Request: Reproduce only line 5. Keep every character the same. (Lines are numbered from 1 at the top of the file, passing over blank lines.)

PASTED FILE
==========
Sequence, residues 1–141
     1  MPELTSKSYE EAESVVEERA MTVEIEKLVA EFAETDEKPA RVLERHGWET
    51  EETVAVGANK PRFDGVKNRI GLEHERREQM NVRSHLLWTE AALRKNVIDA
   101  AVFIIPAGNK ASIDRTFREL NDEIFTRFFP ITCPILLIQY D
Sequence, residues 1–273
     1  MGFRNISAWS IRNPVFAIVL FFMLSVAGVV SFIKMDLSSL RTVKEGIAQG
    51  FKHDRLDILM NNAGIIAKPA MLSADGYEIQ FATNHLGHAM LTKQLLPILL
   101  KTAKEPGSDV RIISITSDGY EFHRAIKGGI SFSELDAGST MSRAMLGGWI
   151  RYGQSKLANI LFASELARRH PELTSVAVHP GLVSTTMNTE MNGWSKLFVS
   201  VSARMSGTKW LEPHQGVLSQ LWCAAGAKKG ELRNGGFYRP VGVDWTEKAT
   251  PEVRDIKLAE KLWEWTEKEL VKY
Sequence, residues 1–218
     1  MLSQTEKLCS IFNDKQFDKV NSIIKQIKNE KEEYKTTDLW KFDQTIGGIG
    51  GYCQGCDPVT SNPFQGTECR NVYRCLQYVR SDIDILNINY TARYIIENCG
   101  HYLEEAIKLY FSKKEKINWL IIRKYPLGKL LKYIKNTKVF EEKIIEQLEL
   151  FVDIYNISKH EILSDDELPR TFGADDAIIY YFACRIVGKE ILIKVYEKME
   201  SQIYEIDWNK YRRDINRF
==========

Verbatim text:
Sequence, residues 1–273